They are dismissed as primitive savages who charged into battle screaming and waving their claymores, only to be cut down by musket fire from well-drilled British army redcoats.
The defeat of Bonnie Prince Charlie's forces at Culloden, near Inverness, in 1746 is widely considered a triumph of modernity over the romance of a bygone age.
But new research has established this is yet another of the many myths about the rebellion based largely on government propaganda of the day. Gaelic poets also share some blame for the misconception because of their obsession with the sword as a heroic weapon. In reality, the battles between the Jacobites and Hanoverian forces were more contests between equals with the rebels using up-to-date military tactics and relying on the musket and bayonet – not the claymore.
Professor Murray Pittock, who carried out new research for the forthcoming edition of his book The Myth of the Jacobite Clans, said: "It helps to create a story that they were primitive and barbaric to present them as very badly armed. Highland self-representation played along with propaganda and interpretations by later historians which presented this caricature of the so-called 'Highland charge'. It is associated with a simple forward charge using swords, but it was part of a wide range of tactics which are being used by the Jacobites.
"There are far, far more guns than there are swords and the Jacobites thought 'real soldiers used muskets'. There was also a very large number of cannon – about 70-plus cannon were in Jacobite hands in 1745."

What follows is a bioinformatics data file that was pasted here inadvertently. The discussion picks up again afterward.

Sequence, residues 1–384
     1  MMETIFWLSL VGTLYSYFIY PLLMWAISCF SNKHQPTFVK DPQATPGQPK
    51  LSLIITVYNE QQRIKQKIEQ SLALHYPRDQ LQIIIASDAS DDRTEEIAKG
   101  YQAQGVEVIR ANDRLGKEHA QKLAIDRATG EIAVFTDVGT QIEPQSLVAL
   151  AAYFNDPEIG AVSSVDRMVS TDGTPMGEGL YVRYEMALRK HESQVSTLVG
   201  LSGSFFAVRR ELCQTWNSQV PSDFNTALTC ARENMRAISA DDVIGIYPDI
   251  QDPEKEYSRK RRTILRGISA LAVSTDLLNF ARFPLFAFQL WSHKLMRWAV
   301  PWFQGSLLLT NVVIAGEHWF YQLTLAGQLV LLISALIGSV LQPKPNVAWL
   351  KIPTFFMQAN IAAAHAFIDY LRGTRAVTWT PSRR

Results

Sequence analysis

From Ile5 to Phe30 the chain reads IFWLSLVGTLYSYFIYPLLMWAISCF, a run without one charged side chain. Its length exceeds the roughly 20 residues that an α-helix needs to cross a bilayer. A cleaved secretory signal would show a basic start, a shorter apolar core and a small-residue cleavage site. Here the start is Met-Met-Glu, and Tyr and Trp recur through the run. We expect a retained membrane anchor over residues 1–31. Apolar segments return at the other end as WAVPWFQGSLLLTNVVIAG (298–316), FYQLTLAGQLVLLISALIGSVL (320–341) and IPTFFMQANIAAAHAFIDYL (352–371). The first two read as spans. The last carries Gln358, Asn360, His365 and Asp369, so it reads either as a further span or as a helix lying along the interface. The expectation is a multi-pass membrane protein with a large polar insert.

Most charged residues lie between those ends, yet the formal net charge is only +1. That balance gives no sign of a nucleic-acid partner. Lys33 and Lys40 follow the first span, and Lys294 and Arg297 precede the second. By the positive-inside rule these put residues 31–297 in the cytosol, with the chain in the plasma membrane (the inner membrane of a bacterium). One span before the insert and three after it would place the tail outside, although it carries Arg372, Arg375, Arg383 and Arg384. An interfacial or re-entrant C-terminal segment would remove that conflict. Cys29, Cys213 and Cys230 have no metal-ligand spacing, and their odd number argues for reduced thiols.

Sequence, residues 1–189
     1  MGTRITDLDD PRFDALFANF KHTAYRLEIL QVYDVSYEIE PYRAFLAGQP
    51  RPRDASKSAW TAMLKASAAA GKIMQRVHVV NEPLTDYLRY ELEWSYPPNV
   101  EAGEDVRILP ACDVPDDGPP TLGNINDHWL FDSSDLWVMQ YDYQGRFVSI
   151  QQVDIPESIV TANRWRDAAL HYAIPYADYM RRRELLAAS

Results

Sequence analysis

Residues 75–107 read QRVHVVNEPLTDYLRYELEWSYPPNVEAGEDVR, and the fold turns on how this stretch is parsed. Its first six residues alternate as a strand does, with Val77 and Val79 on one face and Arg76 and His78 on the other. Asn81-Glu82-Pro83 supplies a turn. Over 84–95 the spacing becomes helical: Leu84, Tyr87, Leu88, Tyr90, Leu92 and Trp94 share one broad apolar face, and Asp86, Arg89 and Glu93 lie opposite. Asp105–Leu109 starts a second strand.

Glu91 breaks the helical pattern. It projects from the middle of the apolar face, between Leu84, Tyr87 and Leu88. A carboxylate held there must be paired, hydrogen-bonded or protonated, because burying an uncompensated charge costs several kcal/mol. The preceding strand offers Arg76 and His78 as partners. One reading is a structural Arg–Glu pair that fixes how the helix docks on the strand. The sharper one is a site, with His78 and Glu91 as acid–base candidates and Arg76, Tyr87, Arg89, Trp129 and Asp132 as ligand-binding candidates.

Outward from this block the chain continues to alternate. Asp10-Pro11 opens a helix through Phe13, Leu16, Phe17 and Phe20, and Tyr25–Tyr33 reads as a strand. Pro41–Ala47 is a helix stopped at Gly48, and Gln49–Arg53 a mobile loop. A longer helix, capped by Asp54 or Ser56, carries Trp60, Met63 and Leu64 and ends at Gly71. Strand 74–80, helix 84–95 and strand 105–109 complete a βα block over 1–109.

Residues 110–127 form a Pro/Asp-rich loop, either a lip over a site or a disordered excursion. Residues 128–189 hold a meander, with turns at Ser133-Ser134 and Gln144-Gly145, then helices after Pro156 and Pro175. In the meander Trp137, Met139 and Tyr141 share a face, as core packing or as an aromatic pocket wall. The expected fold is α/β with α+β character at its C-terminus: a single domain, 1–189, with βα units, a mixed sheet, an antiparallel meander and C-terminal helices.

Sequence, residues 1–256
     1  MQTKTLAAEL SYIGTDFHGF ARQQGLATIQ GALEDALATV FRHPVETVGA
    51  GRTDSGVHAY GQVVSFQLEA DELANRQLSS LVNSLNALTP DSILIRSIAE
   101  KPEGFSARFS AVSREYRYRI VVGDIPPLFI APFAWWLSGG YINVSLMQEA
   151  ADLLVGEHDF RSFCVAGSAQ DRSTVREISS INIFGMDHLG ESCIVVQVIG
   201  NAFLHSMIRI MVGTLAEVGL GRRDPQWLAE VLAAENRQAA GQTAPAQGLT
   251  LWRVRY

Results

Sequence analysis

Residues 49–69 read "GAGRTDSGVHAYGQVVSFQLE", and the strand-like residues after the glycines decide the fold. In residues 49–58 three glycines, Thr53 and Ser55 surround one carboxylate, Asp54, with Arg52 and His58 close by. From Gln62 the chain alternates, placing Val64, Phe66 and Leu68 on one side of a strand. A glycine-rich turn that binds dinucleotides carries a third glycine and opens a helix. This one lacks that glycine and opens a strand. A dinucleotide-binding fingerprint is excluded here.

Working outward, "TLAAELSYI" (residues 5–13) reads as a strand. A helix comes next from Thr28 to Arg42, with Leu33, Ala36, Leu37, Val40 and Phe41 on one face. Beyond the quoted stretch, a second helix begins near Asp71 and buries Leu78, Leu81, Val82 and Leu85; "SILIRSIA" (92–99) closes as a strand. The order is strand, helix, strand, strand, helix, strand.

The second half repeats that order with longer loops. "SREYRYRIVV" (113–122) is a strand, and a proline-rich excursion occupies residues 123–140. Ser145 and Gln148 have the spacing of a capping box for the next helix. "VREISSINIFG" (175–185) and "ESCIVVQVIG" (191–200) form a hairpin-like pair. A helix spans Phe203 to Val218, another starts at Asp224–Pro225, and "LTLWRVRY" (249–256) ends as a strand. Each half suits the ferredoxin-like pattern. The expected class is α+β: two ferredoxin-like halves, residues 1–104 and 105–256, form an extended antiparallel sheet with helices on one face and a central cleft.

A British army suffered a shock defeat at Prestonpans, near Edinburgh, in 1745, partly because its commanders believed their own propaganda that "controlled fire-power" by a modern army would see off what they regarded as a bunch of irregulars.
Then at Falkirk, the redcoats received a taste of their own medicine. "General [Henry] Hawley orders his dragoons to ride at the Jacobites and break the frontline. But he ends up facing not a bedraggled charge, but the McDonalds holding rank and opening fire – this was controlled Jacobite fire bringing down a cavalry charge," said Professor Pittock of Glasgow University. The defeat at Culloden, he says, happened because the Jacobites were outnumbered, did not have their heavy cannons and tried to cross boggy ground. The redcoats' use of cannons firing grapeshot also had a major effect.
Even the National Trust for Scotland's visitor centre at Culloden is not immune from the false depiction of the Jacobites. Professor Pittock said while it had "a lot of good information", the dramatic recreation in its "immersion theatre" film played to public expectations. "Everybody is hairy and screaming and they don't have a gun. Basically, it shows a lot of Highlanders, many in kilts, charging and waving swords against a lot of redcoats with muskets," he said. "It doesn't represent the fact that from Culloden alone 2,320 muskets and 190 swords were picked up from the battlefield; that's more than 10 to one."
The National Trust for Scotland said visitors were told that the Jacobites were not the "unruly rabble described in Whig propaganda", but were "organised under full military discipline". A spokeswoman said the film was not meant to be realistic. "The aim is to give visitors some insight into the sights, sounds and confusion of the battle for soldiers on both sides," she said, "rather than to provide a factual representation of the battle."
The second edition of 'The Myth of the Jacobite Clans' is published in March